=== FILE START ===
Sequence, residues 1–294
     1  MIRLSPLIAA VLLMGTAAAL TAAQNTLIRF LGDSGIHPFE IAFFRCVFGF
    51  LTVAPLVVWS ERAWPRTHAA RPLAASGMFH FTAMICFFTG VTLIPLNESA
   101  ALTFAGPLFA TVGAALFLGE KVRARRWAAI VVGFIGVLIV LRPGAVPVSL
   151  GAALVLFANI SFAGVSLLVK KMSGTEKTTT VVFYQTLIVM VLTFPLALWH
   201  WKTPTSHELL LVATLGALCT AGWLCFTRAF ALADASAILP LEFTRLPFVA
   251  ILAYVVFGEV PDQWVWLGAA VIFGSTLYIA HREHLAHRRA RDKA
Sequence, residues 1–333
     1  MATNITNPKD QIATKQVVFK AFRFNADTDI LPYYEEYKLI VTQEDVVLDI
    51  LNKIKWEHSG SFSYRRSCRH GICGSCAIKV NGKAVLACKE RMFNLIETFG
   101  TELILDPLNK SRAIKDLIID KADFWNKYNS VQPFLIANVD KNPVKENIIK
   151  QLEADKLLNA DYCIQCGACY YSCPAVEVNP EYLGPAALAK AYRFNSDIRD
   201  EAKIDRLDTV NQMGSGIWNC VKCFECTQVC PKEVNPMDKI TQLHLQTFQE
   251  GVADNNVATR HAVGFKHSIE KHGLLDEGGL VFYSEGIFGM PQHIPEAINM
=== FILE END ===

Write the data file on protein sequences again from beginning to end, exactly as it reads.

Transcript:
Sequence, residues 1–294
     1  MIRLSPLIAA VLLMGTAAAL TAAQNTLIRF LGDSGIHPFE IAFFRCVFGF
    51  LTVAPLVVWS ERAWPRTHAA RPLAASGMFH FTAMICFFTG VTLIPLNESA
   101  ALTFAGPLFA TVGAALFLGE KVRARRWAAI VVGFIGVLIV LRPGAVPVSL
   151  GAALVLFANI SFAGVSLLVK KMSGTEKTTT VVFYQTLIVM VLTFPLALWH
   201  WKTPTSHELL LVATLGALCT AGWLCFTRAF ALADASAILP LEFTRLPFVA
   251  ILAYVVFGEV PDQWVWLGAA VIFGSTLYIA HREHLAHRRA RDKA
Sequence, residues 1–333
     1  MATNITNPKD QIATKQVVFK AFRFNADTDI LPYYEEYKLI VTQEDVVLDI
    51  LNKIKWEHSG SFSYRRSCRH GICGSCAIKV NGKAVLACKE RMFNLIETFG
   101  TELILDPLNK SRAIKDLIID KADFWNKYNS VQPFLIANVD KNPVKENIIK
   151  QLEADKLLNA DYCIQCGACY YSCPAVEVNP EYLGPAALAK AYRFNSDIRD
   201  EAKIDRLDTV NQMGSGIWNC VKCFECTQVC PKEVNPMDKI TQLHLQTFQE
   251  GVADNNVATR HAVGFKHSIE KHGLLDEGGL VFYSEGIFGM PQHIPEAINM